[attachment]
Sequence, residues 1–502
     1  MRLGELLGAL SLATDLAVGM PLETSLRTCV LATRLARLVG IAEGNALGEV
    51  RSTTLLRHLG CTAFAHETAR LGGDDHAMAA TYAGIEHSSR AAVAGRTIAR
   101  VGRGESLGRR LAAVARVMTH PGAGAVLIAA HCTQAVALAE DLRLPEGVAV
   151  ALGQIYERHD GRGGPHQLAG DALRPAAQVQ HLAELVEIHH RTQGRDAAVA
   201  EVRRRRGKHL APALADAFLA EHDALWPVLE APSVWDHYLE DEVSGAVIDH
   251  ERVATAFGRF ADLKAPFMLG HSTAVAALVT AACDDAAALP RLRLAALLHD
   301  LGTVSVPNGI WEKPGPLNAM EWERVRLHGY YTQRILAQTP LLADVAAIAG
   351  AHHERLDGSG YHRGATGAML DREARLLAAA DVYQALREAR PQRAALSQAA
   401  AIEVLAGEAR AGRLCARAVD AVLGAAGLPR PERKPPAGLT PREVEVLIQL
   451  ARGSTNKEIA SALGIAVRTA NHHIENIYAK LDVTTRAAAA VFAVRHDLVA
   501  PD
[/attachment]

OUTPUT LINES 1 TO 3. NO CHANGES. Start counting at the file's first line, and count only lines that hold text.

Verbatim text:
Sequence, residues 1–502
     1  MRLGELLGAL SLATDLAVGM PLETSLRTCV LATRLARLVG IAEGNALGEV
    51  RSTTLLRHLG CTAFAHETAR LGGDDHAMAA TYAGIEHSSR AAVAGRTIAR